BWW Reviews: ChEckiT! Dance - CHECK US OUT Dance Festival 2013
CheckiT Dance presented its third annual Check Us Out Dance Festival: A Celebration of Female Choreographers, on Saturday, July 13, 2013 at Summit Rock in Central Park. The evening included works from more than 10 female choreographers from the United States and abroad. CheckiT Dance is an all female modern dance company focusing on gender issues, female identity, objectification and the exploration of traditional gender roles.
Although the performance focused on female roles, the genius was the humor and beauty the choreographers used to define women's issues. The dance pieces graced the full spectrum of stereotypes about women by presenting works entitled Vacuum, choreographed by Lieneke Mous, and Ball and Chain, choreographed by Allison Brzezinski. The dancers had the freedom to explore all aspects of women and life as they performed strong pieces like The Gravel Road, danced by the very lithe, lyrical beautiful dancer, Melissa Jackson. The festival offered a variety of dance styles and theater: Elements of Sustainable Rhythm, performed by Stacy A. Donovan/ Improbable Dance Company was a humorous, dynamic theater piece. Love Against The Rocks, choreographed by Joya Powell/Movement of the People Dance Company offered the percussive sound and undulating movement of the islands with heavy ritual connotations.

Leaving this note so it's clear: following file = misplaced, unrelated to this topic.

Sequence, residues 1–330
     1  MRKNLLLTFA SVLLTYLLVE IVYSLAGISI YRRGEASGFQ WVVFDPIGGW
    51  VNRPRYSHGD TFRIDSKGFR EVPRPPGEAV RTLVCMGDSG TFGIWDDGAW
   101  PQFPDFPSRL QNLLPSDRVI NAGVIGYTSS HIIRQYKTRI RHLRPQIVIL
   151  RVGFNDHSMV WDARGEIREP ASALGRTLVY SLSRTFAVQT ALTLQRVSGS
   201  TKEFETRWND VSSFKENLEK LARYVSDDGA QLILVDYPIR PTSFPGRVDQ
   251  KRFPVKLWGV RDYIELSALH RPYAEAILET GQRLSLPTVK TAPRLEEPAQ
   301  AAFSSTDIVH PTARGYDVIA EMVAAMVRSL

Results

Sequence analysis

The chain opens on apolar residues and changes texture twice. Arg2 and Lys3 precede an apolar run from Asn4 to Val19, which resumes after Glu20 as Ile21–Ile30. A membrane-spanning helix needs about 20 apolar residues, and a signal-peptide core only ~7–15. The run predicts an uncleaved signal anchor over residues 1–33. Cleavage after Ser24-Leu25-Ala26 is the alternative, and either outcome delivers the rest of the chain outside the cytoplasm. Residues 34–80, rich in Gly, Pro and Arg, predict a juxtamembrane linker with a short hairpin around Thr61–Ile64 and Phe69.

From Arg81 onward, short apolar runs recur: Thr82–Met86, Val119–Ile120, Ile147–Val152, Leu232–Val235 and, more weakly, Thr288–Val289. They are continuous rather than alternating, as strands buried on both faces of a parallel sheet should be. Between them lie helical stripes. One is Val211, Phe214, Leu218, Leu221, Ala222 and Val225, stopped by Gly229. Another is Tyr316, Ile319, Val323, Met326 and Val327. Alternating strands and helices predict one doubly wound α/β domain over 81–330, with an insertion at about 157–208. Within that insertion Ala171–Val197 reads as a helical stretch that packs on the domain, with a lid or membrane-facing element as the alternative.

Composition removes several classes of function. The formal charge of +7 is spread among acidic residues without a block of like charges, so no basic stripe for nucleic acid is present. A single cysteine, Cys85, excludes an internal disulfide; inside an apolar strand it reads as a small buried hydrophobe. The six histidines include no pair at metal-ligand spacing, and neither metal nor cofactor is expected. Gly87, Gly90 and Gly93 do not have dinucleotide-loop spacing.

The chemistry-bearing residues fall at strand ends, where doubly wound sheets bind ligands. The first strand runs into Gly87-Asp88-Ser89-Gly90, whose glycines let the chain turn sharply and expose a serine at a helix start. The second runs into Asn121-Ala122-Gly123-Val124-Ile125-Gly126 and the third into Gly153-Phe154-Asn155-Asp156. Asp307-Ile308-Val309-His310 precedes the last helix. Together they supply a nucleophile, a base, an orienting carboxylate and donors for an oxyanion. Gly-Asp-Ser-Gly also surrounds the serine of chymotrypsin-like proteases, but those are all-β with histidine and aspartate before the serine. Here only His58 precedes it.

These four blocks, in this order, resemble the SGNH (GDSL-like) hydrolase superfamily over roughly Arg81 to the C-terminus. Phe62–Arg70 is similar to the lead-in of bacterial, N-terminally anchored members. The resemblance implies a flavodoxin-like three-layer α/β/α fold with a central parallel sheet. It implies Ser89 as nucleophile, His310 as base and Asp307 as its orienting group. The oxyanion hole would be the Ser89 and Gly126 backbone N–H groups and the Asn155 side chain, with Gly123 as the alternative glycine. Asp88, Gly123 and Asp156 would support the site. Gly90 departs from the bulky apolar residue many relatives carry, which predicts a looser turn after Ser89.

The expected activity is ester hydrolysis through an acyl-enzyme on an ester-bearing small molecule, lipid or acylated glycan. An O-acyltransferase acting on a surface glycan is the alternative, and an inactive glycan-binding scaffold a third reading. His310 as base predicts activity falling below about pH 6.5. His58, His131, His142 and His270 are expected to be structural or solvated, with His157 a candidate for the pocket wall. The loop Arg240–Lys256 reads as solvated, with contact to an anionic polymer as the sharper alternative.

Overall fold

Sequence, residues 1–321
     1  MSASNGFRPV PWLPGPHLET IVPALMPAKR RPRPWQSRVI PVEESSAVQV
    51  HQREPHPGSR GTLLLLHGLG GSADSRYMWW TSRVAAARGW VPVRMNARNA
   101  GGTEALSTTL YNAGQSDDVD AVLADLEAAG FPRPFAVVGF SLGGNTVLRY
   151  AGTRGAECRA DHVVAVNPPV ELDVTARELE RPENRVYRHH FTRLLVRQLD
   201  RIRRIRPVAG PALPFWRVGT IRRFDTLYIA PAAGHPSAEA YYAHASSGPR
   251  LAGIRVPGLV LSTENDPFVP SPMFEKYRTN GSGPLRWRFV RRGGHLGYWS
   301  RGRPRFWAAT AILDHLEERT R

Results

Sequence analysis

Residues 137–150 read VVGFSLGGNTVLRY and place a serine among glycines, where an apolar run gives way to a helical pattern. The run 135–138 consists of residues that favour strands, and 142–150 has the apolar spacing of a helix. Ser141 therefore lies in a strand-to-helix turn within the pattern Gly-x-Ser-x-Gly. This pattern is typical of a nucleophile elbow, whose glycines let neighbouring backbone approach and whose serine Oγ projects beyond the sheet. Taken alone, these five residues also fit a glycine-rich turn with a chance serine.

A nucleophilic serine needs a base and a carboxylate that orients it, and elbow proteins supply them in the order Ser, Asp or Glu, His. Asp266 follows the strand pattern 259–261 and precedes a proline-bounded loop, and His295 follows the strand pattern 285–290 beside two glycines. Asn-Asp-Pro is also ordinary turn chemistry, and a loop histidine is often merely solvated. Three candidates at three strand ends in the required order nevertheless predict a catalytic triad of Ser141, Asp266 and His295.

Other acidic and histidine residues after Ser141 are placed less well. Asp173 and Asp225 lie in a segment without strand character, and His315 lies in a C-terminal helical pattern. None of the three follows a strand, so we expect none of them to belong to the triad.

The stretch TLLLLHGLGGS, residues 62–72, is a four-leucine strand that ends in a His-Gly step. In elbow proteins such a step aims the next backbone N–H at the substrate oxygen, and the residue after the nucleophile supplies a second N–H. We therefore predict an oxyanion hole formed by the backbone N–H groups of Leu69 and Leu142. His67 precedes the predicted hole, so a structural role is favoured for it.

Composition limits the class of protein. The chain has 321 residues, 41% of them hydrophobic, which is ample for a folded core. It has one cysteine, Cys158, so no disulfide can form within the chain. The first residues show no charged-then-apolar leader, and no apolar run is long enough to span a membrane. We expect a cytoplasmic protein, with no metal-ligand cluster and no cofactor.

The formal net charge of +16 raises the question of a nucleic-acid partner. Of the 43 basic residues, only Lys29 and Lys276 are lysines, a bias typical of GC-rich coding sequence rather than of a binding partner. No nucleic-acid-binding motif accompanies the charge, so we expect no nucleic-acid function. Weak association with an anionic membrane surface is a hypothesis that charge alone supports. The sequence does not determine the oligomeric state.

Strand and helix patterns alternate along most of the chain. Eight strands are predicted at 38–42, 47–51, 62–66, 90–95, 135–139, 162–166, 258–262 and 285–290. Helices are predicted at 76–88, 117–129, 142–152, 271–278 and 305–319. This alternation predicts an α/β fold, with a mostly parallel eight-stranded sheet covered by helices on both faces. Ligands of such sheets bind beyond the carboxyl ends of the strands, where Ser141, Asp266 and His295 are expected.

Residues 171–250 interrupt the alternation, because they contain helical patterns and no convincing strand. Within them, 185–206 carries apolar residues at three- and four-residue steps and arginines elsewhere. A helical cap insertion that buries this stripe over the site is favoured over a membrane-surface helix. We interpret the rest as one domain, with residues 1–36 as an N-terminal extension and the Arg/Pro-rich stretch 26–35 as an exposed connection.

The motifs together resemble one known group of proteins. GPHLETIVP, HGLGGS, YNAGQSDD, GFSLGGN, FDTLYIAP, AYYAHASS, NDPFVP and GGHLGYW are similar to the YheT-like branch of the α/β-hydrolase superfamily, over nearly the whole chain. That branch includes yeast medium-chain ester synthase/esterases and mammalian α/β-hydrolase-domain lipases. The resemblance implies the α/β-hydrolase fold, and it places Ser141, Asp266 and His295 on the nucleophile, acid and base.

Lauren LaSorda presented a work called Myselves, where her many selves were depicted through the angst and schizophrenic movement of four dancers. The evening ended with five dancers sitting in chairs, staring at clipboards as if they were bored out of their minds. There was no movement for about two minutes; then the choreographer, Ellenore Scott/ELSCO, announced that the sound wasn't working. She immediately started singing an acapella rhythm. It was a phenomenal experience, and the dancers were exceptional.
The Check Us Out Dance Festival was a Celebration of Female Choreographers and passionate dancers who transformed the Summit Rock stage in Central Park into a live theater, and for that they should all be celebrated.